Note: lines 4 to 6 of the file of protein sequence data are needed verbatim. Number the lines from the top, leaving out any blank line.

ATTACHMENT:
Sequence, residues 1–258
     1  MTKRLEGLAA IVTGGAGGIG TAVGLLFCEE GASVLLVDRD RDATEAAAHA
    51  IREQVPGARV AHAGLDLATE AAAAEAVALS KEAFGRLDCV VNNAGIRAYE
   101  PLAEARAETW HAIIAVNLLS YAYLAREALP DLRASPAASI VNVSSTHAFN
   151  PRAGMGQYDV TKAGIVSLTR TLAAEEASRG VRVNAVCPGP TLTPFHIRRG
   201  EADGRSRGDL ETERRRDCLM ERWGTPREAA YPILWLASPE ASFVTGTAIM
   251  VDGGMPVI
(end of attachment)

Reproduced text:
   101  PLAEARAETW HAIIAVNLLS YAYLAREALP DLRASPAASI VNVSSTHAFN
   151  PRAGMGQYDV TKAGIVSLTR TLAAEEASRG VRVNAVCPGP TLTPFHIRRG
   201  EADGRSRGDL ETERRRDCLM ERWGTPREAA YPILWLASPE ASFVTGTAIM